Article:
Money Matters: Divesting from our investment banks

By Tucker Slosburg

The Daily Record Newswire

It is fair to say that the major investment banks, particularly Goldman Sachs, made ethically criminal decisions in regards to their trading behavior antecedent to the recent recession. While personally abhorring the behavior of the banks, we must accept that lack of regulation allowed their unfortunate trading and financing behavior. In case you forgot, they hedged against funds they sold to clients.

Last Monday night, HBO aired its movie, "Too Big to Fail," an adaptation of Andrew Ross Sorkin's book, which describes the emotional and political drama behind Lehman Brothers' bankruptcy, AIG's bailout, and the creation of TARP - a Keynesian attempt to rescue the capital markets from supporters of supply-side economics. A fun story to be sure.

Some may find the promotion of the movie an unpleasant reminder of the lingering troubles facing us. As Mark Gongloff of the Wall Street Journal opined: "the biggest issue with this overwrought talkathon was that it taught us nothing, really." In response, Heidi Moore, the New York correspondent from American Public Media's "Marketplace," noted on her Twitter account: "Everyone I know really liked the 'Too Big to Fail' movie, unless they worked at the Wall Street Journal. #newswars."

It makes sense that Gongloff would think the movie tells us nothing new. Wall Street reporters, analysts, and bankers alike were familiar with credit default swaps, collateralized debt obligations, and words like tranches. Most of us still don't know exactly what happened and how TARP came into existence. We just knew banks got money and while we watched, jobs evaporated overnight. Gongloff's arrogance and assumption that most Americans had the time to study and comprehend the complexity of the crisis is actually insulting.

How many people actually read, or even had time to read, books like "All the Devils Are Here" or "The Big Short"? These books, among many others, painted a clear picture of how we got to our current position, but they required time, more time than the particularly uninformative, yet Academy Award-winning, documentary Inside Job.

"Too Big to Fail" accomplishes the task of explaining why private banks agreed to bailouts from the U.S. government, despite their initial trepidation. Moreover, it fosters a sympathy for Hank Paulson (and to an extent his staff) for weighing the limits of governmental powers and intervention against the dire necessity of capital influx to investment banks.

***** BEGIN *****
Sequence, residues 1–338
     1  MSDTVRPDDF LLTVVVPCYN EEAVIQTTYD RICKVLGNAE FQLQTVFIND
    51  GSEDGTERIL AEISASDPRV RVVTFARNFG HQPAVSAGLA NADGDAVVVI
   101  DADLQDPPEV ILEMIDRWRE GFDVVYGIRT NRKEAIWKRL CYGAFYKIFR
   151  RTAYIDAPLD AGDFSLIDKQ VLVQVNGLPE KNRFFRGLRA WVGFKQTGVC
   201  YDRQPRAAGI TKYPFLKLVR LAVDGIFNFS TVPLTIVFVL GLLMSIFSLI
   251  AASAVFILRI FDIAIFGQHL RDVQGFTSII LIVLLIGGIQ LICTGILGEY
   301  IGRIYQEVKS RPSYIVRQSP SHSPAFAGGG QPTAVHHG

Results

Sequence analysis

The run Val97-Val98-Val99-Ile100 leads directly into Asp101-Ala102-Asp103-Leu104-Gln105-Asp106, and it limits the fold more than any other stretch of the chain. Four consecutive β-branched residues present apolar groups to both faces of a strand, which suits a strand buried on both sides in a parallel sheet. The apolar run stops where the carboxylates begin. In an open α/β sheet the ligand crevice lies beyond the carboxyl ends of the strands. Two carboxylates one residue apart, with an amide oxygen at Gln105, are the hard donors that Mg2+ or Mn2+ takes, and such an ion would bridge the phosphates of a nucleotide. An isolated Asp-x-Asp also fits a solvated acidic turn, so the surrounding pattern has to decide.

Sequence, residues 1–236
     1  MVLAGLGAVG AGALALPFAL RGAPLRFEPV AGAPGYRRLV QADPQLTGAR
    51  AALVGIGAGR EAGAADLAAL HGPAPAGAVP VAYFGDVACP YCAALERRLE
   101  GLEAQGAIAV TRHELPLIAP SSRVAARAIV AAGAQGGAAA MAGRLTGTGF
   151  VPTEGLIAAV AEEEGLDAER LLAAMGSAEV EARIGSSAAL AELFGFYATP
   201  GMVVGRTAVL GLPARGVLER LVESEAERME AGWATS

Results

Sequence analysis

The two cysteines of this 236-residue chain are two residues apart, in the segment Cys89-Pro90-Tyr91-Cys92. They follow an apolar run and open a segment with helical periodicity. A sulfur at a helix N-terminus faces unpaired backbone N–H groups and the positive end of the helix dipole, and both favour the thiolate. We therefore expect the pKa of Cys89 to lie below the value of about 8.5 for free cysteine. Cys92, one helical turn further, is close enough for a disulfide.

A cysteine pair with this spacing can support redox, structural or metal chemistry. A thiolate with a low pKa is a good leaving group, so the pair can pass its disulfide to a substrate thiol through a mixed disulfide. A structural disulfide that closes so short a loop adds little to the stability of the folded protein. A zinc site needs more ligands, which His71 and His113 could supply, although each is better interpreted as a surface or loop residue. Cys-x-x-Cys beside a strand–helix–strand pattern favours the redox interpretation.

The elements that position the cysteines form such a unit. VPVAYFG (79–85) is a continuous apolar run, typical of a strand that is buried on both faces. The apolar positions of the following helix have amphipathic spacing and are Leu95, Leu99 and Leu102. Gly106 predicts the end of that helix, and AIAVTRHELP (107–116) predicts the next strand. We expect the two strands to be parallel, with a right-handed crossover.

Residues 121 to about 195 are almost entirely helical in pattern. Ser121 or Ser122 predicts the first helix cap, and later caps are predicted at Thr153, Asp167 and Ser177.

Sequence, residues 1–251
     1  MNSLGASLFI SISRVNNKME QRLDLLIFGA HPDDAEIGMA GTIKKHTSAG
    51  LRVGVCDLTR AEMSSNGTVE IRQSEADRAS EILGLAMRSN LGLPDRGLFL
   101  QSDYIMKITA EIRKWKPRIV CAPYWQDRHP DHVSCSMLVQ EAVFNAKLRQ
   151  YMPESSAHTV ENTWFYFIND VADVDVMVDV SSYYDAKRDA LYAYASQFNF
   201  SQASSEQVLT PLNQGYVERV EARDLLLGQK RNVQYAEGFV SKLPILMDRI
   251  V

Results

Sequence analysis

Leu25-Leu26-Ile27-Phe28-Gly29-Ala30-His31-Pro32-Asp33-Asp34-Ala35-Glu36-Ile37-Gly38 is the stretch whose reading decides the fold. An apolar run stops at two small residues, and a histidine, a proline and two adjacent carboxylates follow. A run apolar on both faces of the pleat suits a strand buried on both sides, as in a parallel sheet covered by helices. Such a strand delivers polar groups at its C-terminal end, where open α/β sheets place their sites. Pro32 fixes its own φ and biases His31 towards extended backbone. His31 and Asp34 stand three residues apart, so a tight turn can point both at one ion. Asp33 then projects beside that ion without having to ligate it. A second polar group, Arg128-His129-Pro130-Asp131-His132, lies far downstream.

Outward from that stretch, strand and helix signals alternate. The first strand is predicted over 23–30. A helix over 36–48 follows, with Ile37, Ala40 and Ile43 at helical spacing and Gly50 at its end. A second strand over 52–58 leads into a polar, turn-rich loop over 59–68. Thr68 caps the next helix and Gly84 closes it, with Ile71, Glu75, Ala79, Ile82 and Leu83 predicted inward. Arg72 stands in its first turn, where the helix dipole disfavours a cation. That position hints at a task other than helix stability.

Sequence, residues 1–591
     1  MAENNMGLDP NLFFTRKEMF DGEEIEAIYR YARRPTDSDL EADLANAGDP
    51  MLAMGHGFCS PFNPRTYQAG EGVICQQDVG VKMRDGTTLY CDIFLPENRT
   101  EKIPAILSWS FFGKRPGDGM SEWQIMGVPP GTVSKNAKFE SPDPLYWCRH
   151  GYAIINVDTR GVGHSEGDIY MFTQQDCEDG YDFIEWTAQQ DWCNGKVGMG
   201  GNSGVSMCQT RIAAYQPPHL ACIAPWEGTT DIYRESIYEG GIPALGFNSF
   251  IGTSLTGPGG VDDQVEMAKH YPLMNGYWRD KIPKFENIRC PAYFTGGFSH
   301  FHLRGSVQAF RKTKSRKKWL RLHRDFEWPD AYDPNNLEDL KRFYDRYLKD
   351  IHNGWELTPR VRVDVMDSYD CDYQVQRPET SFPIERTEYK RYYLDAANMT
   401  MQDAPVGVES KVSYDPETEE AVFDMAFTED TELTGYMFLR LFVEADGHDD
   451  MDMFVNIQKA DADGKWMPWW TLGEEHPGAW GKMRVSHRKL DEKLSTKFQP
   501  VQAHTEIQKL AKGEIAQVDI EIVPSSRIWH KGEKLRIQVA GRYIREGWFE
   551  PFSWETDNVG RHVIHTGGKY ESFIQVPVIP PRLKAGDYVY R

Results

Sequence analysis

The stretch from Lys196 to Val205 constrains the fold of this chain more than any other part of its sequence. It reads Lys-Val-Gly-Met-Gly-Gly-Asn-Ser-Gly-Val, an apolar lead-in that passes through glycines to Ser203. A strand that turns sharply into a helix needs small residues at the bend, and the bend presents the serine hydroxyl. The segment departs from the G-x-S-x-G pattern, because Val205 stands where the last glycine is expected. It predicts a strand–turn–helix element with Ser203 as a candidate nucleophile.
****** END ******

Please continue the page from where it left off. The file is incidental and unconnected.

While most of Main Street still wants to see a criminal indictment of bankers, it seems unlikely. Besides, as the movie illustrates, Wall Street hoped to pin the financial crisis upon the greedy borrowers who took on loans they couldn't afford, and that they (people on Wall Street) merely made profits from people who chose to take risks.

Conversely, those "greedy" borrowers believed they were eligible for loans because banks were giving them loans, loans that eventually got sold to Wall Street for a high price. After all, banks wouldn't give out loans if people couldn't repay them, right? We know that's changed. Those 'greedy' homebuyers were two parts greed and one part duped by people who either didn't care or understand credit risk.

"Too Big To Fail" makes it clear that the Wall Street bailouts were necessary to stave off a massive panic in 2008. Now, however, we must discuss the continued public support for the large investment banks post-bailout. Despite benefiting from government intervention and paying back loans, the banks spit in the face of America by engaging in record profits at the cost of the 13.7 million people still unemployed.

It was shameful for Wall Street to blame the public for causing the crisis. However, the public now deserves indictment for continued use of Goldman or J.P. Morgan. We should have sought policies that helped stabilize the market, but eventually phased out or broke up the banks.

The movie "Too Big to Fail" depicts the CEO of General Electric calling Hank Paulson wondering why his company, a company that makes dishwashers not homes, finds itself unable to finance day-to-day operations. That we continue using our traditional investment banks for day-to-day financing highlights the public's lack of courage and short-term memory.

The greatest crime of the American people rests not in our abstract politics, but in our continued belief that Wall Street investment banks should be the ones financing our current and future economy.

We need new investments banks, and preferably private ones not beholden to stockholders but to their clients. Performing CPR on the banks in 2008 allowed us to stabilize, but it's now time for the American people to pull the plug.

Published: Tue, May 31, 2011


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